The biogeochemical cycle of iron in the ocean


Advances in iron biogeochemistry have transformed our understanding of the oceanic iron cycle over the past three decades: multiple sources of iron to the ocean were discovered, including dust, coastal and shallow sediments, sea ice and hydrothermal fluids. This new iron is rapidly recycled in the upper ocean by a range of organisms; up to 50% of the total soluble iron pool is turned over weekly in this way in some ocean regions. For example, bacteria dissolve particulate iron and at the same time release compounds — iron-binding ligands — that complex with iron and therefore help to keep it in solution. Sinking particles, on the other hand, also scavenge iron from solution. The balance between these supply and removal processes determines the concentration of dissolved iron in the ocean. Whether this balance, and many other facets of the biogeochemical cycle, will change as the climate warms remains to be seen.

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Figure 1: Dissolved iron vertical profiles illustrating aspects of supply and removal processes.
Figure 2: Size-partitioning of iron and iron-binding ligands with depth.
Figure 3: Modification of aerosol iron upon entering surface waters.
Figure 4: Multiple sources of new iron to the Southern Ocean.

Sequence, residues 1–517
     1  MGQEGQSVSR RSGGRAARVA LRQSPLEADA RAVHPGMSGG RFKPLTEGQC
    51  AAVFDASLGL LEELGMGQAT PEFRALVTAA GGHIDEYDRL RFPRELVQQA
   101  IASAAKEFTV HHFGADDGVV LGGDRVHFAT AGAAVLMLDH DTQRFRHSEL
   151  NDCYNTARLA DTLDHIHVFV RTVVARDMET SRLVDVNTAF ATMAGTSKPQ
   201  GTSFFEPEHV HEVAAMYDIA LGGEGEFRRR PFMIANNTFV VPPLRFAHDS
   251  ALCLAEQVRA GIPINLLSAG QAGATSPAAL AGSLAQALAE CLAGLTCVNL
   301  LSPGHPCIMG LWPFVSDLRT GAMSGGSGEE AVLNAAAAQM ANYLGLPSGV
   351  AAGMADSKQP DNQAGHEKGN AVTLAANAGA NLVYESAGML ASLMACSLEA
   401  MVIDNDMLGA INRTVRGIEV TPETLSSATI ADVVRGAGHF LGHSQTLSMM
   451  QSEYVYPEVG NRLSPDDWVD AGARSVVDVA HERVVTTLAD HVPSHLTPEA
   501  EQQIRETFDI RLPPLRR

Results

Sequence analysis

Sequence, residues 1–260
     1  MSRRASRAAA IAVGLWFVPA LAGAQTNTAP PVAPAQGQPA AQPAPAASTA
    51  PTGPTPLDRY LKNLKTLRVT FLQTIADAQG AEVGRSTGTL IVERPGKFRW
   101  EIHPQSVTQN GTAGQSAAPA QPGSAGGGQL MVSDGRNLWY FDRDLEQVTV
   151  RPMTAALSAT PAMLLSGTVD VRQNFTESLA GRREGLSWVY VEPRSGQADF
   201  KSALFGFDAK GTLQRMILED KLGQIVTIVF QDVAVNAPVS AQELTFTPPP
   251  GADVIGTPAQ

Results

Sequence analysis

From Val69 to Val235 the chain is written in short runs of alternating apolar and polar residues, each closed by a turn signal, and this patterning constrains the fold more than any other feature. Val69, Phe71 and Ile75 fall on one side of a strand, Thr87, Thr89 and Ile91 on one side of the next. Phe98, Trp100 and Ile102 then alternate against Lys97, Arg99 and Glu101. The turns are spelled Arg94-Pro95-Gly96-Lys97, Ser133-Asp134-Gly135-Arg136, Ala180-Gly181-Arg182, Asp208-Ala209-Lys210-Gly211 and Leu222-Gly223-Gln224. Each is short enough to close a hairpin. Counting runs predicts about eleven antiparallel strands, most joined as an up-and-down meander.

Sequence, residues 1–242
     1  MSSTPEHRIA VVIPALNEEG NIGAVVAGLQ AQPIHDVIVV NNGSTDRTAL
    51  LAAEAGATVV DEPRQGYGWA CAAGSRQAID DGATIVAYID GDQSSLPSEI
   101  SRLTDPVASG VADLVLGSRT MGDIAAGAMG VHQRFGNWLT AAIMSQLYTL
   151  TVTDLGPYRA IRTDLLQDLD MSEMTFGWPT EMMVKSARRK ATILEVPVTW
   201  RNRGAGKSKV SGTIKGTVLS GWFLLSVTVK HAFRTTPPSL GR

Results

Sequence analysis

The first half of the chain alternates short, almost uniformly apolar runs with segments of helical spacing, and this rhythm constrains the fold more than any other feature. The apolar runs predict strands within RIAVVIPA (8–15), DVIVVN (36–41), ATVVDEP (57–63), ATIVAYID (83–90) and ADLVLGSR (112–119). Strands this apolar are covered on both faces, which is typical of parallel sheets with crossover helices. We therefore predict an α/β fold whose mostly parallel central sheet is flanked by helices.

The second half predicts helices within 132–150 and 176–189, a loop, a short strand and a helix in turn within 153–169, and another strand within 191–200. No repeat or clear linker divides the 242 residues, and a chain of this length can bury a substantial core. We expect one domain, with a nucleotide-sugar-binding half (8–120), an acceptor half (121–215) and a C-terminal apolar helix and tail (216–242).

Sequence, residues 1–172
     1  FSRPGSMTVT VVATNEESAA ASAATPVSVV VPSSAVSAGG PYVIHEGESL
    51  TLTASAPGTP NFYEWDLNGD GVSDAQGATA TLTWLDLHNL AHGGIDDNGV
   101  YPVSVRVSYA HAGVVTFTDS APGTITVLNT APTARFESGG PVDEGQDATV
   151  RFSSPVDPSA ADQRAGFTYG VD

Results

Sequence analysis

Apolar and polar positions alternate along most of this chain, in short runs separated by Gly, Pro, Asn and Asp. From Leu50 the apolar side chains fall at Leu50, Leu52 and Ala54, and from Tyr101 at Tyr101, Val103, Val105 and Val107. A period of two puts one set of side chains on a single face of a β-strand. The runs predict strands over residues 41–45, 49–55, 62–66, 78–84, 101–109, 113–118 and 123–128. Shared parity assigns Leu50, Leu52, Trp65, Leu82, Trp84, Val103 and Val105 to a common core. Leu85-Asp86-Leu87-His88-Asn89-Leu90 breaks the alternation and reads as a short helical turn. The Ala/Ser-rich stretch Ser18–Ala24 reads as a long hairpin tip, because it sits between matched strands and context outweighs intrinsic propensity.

Figure 5: Biological iron recycling in the upper ocean.
Figure 6: The influence of particle scavenging and remineralization on dissolved iron concentrations in three zones (0–250 m (blue), 250–1,000 m (orange) and >1,000 m (grey)) denoted in panels ac.


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We thank A. Bowie (Antarctic Climate & Ecosystems Cooperative Research Centre, University of Tasmania) for providing unpublished dissolved iron data from the Southern Ocean (Fig. 1a), and L. Bucke (Department of Chemistry, University of Otago) for help with the graphics. We thank S. Solokov and S. Rintoul (CSIRO, Hobart, Tasmania) and G. Jackson (Texas A&M) for providing personal communications regarding bottom pressure torque and vertical changes in particle surface area, respectively.

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Boyd, P., Ellwood, M. The biogeochemical cycle of iron in the ocean. Nature Geosci 3, 675–682 (2010).

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